Marsha Fox appeals from a decision of the Trademark Trial and Appeal Board (“Board”) affirming the refusal of the examiner to register her mark. The Board concluded that the mark was unregistrable under 15 U.S.C. § 1052(a). We affirm, holding that a mark that creates a double entendre falls within the proscription of § 1052(a) where, as here, one of its meanings is clearly vulgar.
This patent litigation arises under the Hatch-Waxman Act, 21 U.S.C. §355, whereby producers of generic pharmaceutical products are authorized to challenge the patent status of a federally registered and approved drug product, before the generic producer has obtained approval to sell its counterpart of the approved product. The generic litigant who succeeds in eliminating the drug patent is granted a 180-day period of exclusivity against other potential providers of the generic product. 21 U.S.C. §355(j)(5)(B)(iv).
The drug product here at issue is the “statin” having the brand name Crestor®, which is federally approved for use in control of cholesterol and for treatment of atherosclerosis. In suit is United States Reissue Patent No. 37,314 (“the ’314 patent”), which is a reissue of United States Patent No. 5,260,440 (“the ’440 patent”). The patentee is Shionogi Seiyaku Kabushiki Kaisha (“Shionogi”) and the exclusive licensee is Astrazeneca UK and its United States subsidiary IPR Pharmaceuticals Inc. (collectively “Plaintiffs”).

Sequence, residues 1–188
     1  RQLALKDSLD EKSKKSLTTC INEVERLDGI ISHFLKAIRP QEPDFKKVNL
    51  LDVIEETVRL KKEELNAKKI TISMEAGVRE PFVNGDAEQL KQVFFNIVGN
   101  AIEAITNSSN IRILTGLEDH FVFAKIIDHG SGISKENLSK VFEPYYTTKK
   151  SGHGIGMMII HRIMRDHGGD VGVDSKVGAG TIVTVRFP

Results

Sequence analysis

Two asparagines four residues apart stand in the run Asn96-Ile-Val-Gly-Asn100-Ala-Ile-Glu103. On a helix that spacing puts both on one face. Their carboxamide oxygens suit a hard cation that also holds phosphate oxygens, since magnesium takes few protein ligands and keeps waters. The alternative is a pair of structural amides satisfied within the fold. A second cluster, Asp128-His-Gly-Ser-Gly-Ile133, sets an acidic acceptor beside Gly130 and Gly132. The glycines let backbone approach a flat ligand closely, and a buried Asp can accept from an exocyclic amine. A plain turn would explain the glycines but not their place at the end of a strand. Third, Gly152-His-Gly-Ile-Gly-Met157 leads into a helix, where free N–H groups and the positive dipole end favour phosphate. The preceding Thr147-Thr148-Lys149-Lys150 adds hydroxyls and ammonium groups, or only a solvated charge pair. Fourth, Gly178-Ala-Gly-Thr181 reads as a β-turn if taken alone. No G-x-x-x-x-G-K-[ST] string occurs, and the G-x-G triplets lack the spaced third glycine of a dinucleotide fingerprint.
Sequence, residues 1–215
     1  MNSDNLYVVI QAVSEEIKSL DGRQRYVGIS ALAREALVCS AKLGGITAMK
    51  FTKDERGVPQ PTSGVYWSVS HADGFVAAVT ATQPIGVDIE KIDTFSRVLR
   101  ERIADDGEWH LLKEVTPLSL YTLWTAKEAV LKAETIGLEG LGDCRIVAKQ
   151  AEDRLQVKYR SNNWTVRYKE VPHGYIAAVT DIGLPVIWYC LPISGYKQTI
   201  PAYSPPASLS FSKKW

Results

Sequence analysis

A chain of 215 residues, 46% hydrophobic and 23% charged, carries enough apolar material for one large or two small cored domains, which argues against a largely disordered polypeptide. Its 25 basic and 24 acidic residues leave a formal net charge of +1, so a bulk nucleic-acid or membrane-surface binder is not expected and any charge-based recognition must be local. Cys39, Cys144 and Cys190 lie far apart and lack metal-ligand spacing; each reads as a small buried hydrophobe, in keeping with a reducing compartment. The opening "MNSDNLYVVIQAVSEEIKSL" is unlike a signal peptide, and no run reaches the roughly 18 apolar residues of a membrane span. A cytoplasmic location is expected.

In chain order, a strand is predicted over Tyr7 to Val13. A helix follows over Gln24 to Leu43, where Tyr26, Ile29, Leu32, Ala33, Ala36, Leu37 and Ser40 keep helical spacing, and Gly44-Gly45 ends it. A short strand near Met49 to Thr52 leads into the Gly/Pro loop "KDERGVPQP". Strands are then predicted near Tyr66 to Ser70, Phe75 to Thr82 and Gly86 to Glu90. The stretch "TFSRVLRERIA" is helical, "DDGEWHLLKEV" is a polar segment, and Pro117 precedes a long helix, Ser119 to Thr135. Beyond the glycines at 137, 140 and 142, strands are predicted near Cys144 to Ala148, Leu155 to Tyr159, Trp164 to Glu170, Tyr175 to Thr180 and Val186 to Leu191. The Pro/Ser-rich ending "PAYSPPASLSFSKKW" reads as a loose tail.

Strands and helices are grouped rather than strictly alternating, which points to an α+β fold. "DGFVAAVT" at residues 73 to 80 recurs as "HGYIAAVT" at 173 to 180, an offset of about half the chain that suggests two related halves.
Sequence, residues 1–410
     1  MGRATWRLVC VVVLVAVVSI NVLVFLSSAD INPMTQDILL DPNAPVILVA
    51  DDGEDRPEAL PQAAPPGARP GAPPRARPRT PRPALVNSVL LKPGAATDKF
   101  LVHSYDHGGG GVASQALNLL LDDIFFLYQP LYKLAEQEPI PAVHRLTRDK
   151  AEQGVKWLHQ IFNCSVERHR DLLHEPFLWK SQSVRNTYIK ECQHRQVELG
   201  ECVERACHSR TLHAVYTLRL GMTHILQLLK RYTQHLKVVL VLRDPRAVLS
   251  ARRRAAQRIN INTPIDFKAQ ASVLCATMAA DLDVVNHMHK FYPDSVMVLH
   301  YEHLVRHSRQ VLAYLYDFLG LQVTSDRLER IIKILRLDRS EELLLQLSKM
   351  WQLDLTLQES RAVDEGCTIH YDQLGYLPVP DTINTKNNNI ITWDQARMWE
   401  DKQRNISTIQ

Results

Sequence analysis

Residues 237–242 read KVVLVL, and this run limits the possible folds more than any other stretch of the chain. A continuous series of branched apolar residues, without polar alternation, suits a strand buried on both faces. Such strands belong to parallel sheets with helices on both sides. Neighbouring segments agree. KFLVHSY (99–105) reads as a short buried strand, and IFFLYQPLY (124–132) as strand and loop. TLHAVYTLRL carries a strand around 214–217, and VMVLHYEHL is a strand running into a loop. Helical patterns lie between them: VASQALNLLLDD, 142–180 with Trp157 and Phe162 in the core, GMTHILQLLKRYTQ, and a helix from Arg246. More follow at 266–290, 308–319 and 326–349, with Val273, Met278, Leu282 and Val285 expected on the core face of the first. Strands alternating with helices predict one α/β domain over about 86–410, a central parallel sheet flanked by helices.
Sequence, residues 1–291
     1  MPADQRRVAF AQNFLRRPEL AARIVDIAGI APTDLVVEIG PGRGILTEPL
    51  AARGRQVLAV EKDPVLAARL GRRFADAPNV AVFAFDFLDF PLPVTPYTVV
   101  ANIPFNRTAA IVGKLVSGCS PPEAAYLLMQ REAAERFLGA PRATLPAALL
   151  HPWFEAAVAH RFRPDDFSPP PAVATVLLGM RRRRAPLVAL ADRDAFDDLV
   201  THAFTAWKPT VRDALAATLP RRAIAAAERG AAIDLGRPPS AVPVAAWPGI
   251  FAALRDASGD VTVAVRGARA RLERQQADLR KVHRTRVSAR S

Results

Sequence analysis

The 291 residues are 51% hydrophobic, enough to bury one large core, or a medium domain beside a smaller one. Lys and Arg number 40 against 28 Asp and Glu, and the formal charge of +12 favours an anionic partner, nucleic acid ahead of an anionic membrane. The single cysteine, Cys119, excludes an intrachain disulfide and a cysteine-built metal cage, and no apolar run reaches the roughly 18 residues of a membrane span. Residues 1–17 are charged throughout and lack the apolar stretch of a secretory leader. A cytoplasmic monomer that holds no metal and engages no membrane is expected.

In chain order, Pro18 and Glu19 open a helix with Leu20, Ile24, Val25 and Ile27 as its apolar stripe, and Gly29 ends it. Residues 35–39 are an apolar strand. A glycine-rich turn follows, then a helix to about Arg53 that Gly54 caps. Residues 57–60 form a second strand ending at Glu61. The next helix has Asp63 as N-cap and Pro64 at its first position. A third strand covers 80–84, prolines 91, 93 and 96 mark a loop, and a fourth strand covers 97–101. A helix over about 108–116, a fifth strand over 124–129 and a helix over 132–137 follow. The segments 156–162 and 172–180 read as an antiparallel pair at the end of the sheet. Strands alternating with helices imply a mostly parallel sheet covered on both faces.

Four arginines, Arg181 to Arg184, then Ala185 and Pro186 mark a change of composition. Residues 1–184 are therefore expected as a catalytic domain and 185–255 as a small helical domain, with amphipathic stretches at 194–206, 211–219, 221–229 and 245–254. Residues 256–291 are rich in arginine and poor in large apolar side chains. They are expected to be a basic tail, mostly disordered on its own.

The active ingredient of Crestor® is the calcium salt of a chemical compound whose common name is rosuvastatin, of the following structural formula: [Figure] rosuvastatin
Rosuvastatin is one of several statin products that lower cholesterol production in the liver by inhibiting the enzyme HMG-CoA reductase. Scientists working at the Shionogi laboratory in Japan were conducting research in search of a statin with reduced side effects as compared with the statin products that were then known. In the course of this research, in 1991 they discovered rosuvastatin and its beneficial properties. Patents were obtained in Japan and other countries, including the ’314 patent in the United States.